This study explores the effects of different methods employed by language teachers, namely assisted repeated reading (Taguchi, Gorsuch, Takayasu-Maass, & Snipp, 2012) and morphological and syntactic explanation (Tong, Deacon, & Cain, 2013), to improve language learners' reading fluency and reading comprehension, respectively. Volunteers from students enrolled in Japanese 301 through 322 classes at Brigham Young University (BYU) participated in this study. The participants (a) submitted a background questionnaire and consent form, (b) attended a one-hour session in the testing lab, and (c) attended a second one-hour session in the testing lab. Each testing session consisted of the participants making a pre- and post- reading recording and taking reading comprehension tests for two separate reading scripts. Each participant submitted a total of eight reading recordings and eight sets of answers to five reading comprehension questions. The reading texts were chosen from 3-kyu (3rd level of 5, which was deemed to be intermediate by the researcher) of the Japanese Language Proficiency test (JLPT), with a minor modification. Each recording and answer sheet submission was then graded and recorded. The differences between the pre- and post-test scores were then examined to determine the effectiveness of each treatment employed. The treatments included were: (a) assisted repeated reading, (b) assisted repeated reading followed by morphological and syntactic explanation, (c) morphological and syntactic explanation, and (d) morphological and syntactic explanation followed by assisted repeated reading. The analysis of the resultant data revealed that although there was a statistically significant increase in scores for each of the methods and there were differences in the scores between the different methods, there was not a significant difference between the methods. However, one of the important implications that can be drawn from this study is that a short fluency-building exercise of 2-5 minutes can yield significant gains in the language learners, in both reading fluency and in reading comprehension.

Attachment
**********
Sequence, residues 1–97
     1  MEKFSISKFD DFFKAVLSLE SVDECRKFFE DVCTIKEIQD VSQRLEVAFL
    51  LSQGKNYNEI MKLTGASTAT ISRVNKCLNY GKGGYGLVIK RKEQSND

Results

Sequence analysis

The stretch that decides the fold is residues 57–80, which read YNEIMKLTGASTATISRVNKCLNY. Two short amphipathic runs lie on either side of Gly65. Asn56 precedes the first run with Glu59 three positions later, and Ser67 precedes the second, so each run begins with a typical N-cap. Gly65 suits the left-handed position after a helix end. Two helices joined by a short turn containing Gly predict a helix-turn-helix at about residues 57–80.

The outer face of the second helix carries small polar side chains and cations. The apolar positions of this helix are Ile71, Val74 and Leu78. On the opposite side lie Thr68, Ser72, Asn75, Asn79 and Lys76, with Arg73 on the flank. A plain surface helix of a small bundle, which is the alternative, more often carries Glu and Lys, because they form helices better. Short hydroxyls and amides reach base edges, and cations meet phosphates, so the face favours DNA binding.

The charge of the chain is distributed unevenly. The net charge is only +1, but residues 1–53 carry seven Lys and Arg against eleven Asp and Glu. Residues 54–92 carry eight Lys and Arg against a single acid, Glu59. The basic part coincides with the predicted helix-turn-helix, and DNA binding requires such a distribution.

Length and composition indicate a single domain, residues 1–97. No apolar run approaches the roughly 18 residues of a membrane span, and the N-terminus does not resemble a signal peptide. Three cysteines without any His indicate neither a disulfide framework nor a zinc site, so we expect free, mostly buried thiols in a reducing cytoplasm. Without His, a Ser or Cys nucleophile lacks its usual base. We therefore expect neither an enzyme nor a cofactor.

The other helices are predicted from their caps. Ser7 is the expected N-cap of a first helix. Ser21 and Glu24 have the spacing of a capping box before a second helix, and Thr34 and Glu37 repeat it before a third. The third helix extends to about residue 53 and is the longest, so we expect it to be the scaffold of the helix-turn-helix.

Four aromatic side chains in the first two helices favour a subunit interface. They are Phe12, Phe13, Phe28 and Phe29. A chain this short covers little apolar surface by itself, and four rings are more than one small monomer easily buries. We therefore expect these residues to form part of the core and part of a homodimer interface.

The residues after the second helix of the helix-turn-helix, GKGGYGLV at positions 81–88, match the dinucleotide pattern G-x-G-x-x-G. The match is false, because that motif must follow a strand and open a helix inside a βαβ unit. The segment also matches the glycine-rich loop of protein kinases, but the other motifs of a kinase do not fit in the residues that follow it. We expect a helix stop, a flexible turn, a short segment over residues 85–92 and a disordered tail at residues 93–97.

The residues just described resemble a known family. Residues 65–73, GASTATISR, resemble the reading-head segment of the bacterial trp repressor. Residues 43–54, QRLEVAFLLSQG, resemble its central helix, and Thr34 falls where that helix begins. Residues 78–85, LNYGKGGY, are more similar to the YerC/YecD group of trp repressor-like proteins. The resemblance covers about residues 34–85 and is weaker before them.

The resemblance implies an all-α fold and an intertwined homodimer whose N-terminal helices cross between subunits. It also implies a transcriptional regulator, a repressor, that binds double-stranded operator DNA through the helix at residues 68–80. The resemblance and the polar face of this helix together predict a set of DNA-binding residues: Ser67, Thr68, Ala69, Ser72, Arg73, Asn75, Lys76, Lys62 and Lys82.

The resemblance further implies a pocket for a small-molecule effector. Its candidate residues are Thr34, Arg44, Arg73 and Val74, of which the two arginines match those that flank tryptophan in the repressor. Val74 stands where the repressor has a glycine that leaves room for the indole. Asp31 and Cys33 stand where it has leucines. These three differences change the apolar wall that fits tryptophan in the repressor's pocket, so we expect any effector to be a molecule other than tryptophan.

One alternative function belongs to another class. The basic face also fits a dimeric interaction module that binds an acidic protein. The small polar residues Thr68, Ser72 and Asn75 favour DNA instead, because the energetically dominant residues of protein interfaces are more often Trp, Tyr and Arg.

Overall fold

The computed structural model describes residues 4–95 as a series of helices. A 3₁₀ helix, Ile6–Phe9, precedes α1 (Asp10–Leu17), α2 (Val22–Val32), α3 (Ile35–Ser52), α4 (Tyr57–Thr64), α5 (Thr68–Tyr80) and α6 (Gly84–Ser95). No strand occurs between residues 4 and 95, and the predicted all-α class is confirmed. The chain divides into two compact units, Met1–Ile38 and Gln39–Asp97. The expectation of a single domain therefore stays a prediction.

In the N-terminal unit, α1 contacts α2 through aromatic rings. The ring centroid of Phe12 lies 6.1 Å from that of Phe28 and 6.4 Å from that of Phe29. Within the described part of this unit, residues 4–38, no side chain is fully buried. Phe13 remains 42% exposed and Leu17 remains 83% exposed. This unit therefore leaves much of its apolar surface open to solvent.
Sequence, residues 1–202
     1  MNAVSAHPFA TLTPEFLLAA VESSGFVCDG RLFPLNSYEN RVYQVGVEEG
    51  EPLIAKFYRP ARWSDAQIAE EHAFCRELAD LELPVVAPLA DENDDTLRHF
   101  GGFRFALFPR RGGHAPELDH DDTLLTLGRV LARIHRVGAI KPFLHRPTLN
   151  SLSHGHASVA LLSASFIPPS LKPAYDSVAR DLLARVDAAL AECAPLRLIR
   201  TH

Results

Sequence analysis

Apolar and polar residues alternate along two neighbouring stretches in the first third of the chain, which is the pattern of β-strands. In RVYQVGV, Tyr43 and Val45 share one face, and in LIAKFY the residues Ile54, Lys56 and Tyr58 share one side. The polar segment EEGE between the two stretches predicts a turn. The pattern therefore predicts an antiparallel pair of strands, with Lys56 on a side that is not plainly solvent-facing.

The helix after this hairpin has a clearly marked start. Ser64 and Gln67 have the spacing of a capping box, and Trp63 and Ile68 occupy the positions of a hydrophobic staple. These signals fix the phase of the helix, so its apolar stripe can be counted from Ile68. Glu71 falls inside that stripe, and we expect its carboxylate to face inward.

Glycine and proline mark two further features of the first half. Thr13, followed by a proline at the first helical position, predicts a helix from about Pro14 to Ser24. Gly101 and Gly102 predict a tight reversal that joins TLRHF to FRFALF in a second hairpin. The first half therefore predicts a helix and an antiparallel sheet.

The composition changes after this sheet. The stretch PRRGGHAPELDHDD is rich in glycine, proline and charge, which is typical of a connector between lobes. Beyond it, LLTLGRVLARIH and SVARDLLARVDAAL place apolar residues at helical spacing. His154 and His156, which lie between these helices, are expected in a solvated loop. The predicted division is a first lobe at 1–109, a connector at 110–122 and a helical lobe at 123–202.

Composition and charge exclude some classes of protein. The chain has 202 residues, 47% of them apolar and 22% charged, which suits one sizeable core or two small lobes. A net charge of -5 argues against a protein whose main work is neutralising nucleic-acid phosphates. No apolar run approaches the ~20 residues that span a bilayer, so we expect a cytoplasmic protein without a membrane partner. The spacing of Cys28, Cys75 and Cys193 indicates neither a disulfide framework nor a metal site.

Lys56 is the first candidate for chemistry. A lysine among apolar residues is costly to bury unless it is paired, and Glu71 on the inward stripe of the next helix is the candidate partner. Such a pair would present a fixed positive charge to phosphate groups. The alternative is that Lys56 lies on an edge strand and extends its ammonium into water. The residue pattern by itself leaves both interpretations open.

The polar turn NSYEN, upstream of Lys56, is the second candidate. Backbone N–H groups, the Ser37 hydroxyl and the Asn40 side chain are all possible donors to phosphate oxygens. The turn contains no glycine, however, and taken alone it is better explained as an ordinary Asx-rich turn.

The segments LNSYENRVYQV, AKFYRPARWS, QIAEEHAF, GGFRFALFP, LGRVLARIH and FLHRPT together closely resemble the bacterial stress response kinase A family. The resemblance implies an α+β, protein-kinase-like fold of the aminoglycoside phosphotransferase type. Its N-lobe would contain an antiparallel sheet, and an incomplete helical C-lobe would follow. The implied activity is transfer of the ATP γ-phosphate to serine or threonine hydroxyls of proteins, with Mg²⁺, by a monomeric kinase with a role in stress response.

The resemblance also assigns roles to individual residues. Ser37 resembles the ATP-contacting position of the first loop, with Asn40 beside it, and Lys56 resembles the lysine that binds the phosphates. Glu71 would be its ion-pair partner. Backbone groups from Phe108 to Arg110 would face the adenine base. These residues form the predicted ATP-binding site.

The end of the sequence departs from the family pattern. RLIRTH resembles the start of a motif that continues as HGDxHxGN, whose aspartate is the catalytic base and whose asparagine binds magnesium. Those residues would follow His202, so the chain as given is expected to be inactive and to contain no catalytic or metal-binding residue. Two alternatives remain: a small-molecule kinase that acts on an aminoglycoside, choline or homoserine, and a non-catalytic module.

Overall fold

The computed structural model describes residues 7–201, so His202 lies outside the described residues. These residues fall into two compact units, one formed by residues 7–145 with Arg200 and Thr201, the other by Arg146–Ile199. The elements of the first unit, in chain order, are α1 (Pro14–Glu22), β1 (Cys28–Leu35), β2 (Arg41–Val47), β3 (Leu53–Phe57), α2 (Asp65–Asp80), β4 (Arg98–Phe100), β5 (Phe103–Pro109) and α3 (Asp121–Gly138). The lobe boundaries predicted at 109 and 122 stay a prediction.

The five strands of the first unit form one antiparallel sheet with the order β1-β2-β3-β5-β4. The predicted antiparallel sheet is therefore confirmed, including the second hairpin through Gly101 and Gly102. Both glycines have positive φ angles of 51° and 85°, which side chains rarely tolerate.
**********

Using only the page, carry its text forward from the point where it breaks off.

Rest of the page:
College and Department

Humanities; Center for Language Studies



Date Submitted


Document Type





reading fluency, reading comprehension, Japanese, repeated reading, assisted repeated reading, morphological and syntactic explanation, language learning, language teaching